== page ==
Here are some "real life" Gardening is Happening stories and questions and answers. I would love to publish frequent dialogues between you our gardening friends and us here at Skillin's! So, keep your questions, stories and comments flowing to us at firstname.lastname@example.org or leave a comment here at the Skillin's Garden Log (click on The Pencil at the end of this post!)
*BB wrote the following about "Lettuce Under Lights":
"Last summer my husband built me a cedar flat with a screen on the bottom and handles so I could have more lettuce and move it into shade when needed. This January I filled with your ProMix and planted a packet of mesclun and some arugula and placed under fluorescent lights for l4 hours a day. I thinned it and used thinnings for salad. Now I am scissor cutting it every couple of days for a handful to add to salad. I water it with a 1/4 solution of Peter's 20/20/20 when dry. It's great to be harvesting something now. I am going to try the peas thing."
Thanks BB! The peas thing BB is referring to is planting some peas in a container. I will admit the snow over the early part of last weekend discouraged me a little but the warm weather of this week is invigorating me and I am about to embark on my peas in a container project. I will use a large plastic pot (about 16" or so), some excellent Bar Harbor Blend potting soil by Coast of Maine and some Sugar Snap Peas by Botanical Interests. For fertilizer, I will use the Neptune's Harvest Fish/Seaweed Blend (probably about once a week).
*LK chimed in with some great questions for this time of year. Here are her questions and my answers:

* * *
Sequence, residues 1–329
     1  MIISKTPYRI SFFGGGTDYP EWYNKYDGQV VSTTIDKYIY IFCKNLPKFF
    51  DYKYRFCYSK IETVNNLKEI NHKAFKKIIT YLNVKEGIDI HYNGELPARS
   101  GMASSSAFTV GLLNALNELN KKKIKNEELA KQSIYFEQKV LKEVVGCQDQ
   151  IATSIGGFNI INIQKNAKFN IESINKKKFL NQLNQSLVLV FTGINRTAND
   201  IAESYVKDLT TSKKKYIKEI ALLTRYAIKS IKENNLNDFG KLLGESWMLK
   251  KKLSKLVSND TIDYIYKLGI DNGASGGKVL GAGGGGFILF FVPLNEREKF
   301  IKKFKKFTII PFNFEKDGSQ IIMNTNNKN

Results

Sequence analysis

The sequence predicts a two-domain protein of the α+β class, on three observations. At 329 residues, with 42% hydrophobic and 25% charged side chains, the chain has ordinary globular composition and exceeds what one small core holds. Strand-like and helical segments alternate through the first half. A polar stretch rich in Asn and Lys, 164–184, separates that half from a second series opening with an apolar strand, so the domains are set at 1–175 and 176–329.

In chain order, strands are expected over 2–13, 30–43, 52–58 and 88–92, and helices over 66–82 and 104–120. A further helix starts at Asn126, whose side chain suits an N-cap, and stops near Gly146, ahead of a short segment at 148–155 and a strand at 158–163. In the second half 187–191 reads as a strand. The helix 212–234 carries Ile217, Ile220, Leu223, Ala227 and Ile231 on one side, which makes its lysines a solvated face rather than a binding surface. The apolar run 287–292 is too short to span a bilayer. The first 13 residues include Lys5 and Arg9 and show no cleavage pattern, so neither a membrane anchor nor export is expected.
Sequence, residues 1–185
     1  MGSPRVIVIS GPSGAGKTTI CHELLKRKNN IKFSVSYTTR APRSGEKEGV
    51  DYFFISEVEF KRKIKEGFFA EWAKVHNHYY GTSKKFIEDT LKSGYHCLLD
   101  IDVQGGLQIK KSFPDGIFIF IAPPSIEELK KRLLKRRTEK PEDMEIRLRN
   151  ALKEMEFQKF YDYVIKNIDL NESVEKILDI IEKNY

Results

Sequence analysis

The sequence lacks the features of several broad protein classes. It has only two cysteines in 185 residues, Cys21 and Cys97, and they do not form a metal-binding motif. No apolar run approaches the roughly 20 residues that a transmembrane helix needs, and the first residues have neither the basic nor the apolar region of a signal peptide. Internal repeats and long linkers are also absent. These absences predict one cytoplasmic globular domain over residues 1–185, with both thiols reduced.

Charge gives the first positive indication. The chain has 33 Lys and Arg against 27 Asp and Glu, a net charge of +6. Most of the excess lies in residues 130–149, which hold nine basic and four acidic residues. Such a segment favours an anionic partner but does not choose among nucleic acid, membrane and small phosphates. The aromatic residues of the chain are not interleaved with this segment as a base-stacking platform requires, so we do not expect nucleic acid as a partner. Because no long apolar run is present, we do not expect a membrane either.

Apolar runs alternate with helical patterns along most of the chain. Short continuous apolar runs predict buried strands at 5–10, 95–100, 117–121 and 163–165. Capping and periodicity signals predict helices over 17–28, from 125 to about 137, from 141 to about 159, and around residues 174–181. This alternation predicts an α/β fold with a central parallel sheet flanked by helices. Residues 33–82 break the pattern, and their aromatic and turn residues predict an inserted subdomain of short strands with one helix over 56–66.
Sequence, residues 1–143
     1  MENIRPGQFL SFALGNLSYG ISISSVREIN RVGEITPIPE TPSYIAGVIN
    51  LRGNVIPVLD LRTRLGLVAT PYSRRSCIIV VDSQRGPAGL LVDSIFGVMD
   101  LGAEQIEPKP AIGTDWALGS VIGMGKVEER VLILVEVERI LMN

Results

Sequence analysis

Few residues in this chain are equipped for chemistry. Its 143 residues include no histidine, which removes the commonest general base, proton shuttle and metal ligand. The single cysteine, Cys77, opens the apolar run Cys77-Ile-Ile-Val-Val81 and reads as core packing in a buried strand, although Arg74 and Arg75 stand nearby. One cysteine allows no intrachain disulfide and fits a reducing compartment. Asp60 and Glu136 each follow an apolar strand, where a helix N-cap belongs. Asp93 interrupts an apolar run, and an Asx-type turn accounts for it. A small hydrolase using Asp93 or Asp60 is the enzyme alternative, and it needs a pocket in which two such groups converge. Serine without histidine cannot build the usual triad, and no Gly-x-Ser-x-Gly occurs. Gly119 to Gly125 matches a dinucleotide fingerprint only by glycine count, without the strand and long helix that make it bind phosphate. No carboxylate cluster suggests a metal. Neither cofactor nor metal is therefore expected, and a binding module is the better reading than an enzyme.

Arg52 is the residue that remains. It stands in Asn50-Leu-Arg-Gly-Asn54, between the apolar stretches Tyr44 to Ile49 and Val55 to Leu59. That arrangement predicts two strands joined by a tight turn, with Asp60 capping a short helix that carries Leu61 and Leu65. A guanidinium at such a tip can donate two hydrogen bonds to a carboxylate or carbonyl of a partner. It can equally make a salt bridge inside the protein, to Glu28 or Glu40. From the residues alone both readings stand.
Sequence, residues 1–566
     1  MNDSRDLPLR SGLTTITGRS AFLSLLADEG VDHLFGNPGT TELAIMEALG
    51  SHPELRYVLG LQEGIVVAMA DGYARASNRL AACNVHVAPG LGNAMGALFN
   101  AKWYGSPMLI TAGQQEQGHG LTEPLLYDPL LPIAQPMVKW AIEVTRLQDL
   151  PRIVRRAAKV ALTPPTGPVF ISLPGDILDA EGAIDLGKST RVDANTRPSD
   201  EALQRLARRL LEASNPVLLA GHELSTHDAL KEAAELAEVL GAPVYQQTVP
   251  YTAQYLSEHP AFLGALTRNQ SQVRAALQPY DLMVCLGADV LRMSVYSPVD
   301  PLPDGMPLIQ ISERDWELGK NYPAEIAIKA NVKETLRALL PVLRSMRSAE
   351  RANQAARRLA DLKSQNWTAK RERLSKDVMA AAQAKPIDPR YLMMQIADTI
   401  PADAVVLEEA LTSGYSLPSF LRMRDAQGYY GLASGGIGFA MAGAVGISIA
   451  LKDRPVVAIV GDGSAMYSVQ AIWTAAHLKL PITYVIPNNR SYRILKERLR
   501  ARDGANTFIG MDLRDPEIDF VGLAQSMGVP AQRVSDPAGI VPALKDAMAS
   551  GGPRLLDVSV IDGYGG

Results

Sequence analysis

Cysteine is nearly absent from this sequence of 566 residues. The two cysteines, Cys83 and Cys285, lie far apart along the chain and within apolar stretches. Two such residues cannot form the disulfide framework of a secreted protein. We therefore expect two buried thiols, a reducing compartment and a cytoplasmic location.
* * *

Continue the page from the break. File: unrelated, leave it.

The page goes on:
Hi Mike -
Spring's here and I'm ready to get planting. My Spring Bonds are burning a hole in my pocket - but I know I have to be patient!
I have a question about fertilizers. I typically use Pro Gro in the Spring and the Fall and then use Neptune's Harvest every week or two. My first question is - is this a good fertilizing plan? Am I missing anything?
Secondly - Unfortunately I didn't get a chance to put Pro Gro down last winter before the first snow fall as a prep for Spring - so should I get that down as soon as the snow falls?
One more question. I did a lot of planting last spring and as the snow is melting I'm noticing that some braches of a few bushes (Andromeda and Mountain Laurel) were snapped off from the weight of the snow. Besides a bit of pruning once it warms up so they're not so lopsided - is there anything else I need to do for these new editions.
I think you have a great fertilizing plan LK. I am not sure what you are using the Neptune’s Harvest on but it is a great fertilizer and I think frequent feedings of it for flowering and even vegetable material really help during the season. We have a short season and our plants and soil need all the boost they can get.
I would get that Pro Gro down as soon as the snow melts. Just follow up with a second application later on this year.
Great question about the shrubs. Again once the snow melts I would get some Holly Tone by Espoma down around the base of your Andromeda or Mountain Laurel. These are acid loving evergreen plants and they will really need that Holly Tone. Follow up with a second application later on this year.
*JP has the following question about bulbs and I have included my answer:
"I have a variety of potted bulb plants (daffodils, tulips etc) that have died back. What do I do now with them so I can plant tem outside?"
Now is the time to get some fertilizer to those bulbs. Don’t cut back the foliage just yet—nutrients are flowing back from the foliage to those bulbs causing the bulbs to gather nutrients and to actually grow. You can aid this growth by giving them a good liquid fertilizer like Schultz Houseplant Food or Fish/Seaweed by Neptune’s Harvest. Continue to water the bulbs when they are dry to the touch.
This summer you can plant the bulbs outdoors in a sunny spot. Plant them plenty deep so they can stay as insulated as possible from hot temperatures and cold. When you plant them put a generous portion of Bulb Tone by Espoma into the planting hole.